My husband and I sometimes talk about what it means to know someone, to really know someone, and how to get to that deeper level with people. There are a few people in our life who we just can't seem to get past the niceties with, but I am always seeking that deeper, more meaningful connection with people.
When I was approached to paint this piece for Kim and for Kim's family, the intent was to load the painting with such a depth of meaning that only Kim would fully grasp all the nuance, but it would be appreciated by her closest friends and family as well.
Kim had first been diagnosed with Stage 4 colon cancer in 2016. After surgery and chemotherapy, the cancer went into remission, only to reappear in 2018. More surgery, more chemotherapy. She was cancer free for 15 months until in July 2020, a scan showed the cancer had spread. Kim passed away peacefully in her home on April 2, 2021, with her loving husband, George, by her side. She was 39 years of age.
Kim is described by her friends as being incredibly loyal, and that loyalty extended to her work environment. Kim worked for Elim Village for many years, and it was Elim that commissioned me to do this painting, to create “something special that would convey our love for her and her family; something that says we know her as a person...her likes and her many dislikes...her quirks, her love language, her uniqueness. A visual gift that speaks of who Kim is today, and in the future - will speak of who and how unique Kim was."
I had already created a number of Story Portraits for Elim Village, and this painting was headed in that same direction - a collection of memories, visually represented. But as the concepts for the piece started to come together, I realized many of the memories were dialogue-based. Furthermore, I'd been stewing on the approach for a while; although the original painting would be gifted to Kim, it would remain with her husband, George, after she passed. Likewise, reproductions of the painting would be gifted to her parents and co-workers, in memory of her. The situation was overwhelmingly sad - a community of people, preparing for the death of a loved one, and all the more tragic due to her youth. The great juxtaposition felt throughout those months, though, was that Kim was anything but a tragic figure in life; she lived with a fullness and vitality that was genuinely unique to her person.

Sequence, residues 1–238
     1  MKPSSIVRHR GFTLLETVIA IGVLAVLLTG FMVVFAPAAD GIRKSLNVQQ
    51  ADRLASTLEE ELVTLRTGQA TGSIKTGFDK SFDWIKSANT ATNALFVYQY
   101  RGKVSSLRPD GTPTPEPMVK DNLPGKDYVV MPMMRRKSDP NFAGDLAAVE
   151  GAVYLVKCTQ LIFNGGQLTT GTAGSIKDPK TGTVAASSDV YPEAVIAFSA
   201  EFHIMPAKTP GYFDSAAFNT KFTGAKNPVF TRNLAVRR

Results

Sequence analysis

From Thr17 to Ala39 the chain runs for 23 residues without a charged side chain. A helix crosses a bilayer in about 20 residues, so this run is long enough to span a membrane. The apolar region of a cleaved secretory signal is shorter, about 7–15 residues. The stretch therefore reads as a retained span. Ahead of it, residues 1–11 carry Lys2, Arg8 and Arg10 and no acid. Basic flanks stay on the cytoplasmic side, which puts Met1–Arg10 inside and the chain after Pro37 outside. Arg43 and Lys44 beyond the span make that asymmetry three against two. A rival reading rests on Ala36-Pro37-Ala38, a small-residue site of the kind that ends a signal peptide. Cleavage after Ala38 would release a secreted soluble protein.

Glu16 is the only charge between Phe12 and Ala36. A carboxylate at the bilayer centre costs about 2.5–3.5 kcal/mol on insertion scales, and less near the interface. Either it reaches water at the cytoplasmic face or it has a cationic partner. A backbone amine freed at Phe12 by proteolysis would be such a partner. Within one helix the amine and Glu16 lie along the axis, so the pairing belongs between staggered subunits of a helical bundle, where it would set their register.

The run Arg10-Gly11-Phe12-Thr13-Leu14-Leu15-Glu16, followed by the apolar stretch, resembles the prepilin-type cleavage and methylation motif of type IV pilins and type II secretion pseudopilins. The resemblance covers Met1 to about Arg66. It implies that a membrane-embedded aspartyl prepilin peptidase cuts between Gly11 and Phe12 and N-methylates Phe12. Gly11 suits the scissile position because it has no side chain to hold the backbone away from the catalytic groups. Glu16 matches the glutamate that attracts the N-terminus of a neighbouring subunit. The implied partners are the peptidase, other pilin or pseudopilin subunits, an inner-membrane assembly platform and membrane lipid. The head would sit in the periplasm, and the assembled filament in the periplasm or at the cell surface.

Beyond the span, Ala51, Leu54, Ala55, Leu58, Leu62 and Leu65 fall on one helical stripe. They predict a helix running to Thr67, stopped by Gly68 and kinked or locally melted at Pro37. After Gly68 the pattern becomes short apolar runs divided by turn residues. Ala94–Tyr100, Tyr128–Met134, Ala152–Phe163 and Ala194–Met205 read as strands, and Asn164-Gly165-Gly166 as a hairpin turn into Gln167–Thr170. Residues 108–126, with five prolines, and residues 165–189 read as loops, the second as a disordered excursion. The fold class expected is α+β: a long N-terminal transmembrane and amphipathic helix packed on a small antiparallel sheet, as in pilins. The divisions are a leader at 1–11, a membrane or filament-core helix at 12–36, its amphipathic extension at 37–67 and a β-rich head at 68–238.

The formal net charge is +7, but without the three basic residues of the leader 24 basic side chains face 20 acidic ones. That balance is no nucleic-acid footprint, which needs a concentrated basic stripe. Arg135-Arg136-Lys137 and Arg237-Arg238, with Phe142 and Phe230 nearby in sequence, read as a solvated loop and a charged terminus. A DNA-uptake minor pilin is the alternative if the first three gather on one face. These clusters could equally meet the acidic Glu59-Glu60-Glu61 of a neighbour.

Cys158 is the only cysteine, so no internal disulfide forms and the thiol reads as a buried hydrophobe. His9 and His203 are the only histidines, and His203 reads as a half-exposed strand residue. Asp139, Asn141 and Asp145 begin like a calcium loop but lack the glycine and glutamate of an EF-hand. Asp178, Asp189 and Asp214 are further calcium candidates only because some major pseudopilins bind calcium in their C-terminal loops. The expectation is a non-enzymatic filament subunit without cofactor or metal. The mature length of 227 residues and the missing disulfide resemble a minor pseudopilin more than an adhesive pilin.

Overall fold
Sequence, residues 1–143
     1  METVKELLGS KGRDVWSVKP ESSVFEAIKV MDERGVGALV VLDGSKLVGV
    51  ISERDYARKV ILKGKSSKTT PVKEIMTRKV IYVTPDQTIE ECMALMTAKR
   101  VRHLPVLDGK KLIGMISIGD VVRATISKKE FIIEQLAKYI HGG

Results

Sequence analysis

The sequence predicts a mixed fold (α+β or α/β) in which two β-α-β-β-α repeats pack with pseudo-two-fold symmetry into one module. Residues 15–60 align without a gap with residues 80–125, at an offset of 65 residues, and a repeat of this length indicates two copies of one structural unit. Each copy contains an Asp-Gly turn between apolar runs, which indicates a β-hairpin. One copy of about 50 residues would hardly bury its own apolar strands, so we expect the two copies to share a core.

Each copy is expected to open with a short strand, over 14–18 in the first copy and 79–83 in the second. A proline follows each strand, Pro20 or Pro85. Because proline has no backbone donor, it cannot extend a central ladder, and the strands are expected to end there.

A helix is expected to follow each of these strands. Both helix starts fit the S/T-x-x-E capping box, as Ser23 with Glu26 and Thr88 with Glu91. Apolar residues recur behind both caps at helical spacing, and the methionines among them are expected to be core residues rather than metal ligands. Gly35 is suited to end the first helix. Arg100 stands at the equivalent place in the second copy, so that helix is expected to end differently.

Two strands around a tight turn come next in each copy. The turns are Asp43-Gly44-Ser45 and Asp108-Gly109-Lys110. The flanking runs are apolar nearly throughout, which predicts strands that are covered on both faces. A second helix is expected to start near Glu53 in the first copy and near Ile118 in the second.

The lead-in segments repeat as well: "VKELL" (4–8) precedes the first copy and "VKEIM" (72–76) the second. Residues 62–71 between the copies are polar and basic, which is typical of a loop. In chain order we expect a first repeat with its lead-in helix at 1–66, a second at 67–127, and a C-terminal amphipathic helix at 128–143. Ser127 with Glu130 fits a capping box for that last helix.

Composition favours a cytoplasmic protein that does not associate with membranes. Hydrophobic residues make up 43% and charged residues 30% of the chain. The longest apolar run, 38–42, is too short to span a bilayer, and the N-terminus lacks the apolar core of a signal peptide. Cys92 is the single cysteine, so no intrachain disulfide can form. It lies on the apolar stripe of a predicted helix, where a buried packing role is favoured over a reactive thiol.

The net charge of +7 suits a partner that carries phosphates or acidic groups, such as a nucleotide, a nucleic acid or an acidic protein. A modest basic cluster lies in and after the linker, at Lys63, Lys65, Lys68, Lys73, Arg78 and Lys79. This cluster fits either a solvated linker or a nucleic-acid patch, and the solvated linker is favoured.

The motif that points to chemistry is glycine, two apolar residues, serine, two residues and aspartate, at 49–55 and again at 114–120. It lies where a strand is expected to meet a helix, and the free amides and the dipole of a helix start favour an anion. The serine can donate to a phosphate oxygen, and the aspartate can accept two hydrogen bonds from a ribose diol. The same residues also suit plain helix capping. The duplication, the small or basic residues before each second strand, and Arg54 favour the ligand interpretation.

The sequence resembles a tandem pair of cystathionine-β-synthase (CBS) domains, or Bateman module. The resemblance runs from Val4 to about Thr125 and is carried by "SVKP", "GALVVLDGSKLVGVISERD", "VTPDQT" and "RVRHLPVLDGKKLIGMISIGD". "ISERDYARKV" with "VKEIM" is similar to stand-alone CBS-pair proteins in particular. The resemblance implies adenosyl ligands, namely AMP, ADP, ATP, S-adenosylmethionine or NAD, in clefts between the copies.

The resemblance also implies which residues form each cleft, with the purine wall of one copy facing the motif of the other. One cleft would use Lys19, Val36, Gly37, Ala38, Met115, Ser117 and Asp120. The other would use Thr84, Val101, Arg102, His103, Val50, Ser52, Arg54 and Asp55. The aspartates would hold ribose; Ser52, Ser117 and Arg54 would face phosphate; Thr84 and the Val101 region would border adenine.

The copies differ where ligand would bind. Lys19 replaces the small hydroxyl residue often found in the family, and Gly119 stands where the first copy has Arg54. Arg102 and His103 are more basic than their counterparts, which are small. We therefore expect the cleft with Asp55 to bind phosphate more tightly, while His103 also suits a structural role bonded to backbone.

Kim was an absolute jokester; she pulled pranks in the office, used funny voices, advocated for a ping pong table at work, and was just a total smart ass. She was incredibly hard working, spoke her mind, and was efficient, but was also hilarious and quick to laugh. For this special painting, I didn't want to create a piece that, when looked upon, would only conjure up sadness. Grief is inevitable and long-lasting, but I wanted to create a piece that, amidst the grief, would also cause the viewer to smile.
It was this line of thinking that led me the concept of a comic-strip style Story Portrait. This approach was inherently light-hearted and also provided the vehicle to reproduce the dialogue-based memories. I also wanted a central motif to orientate the comic strips around, and chose to paint Kim riding a work trolley, pushed by a co-worker, which was inspired from a photograph submitted that perfectly captured her fun-loving personality.
I was not there when this painting was gifted to Kim, but I heard that it made her smile - all the little details, all the memories within, demonstrating that she was deeply known and loved by her co-workers. A reproduction hangs framed in the main administration at Elim Village, close to where her office was. Card reproductions were also made and remain propped on desks or pinned to bulletin boards in offices of her co-workers.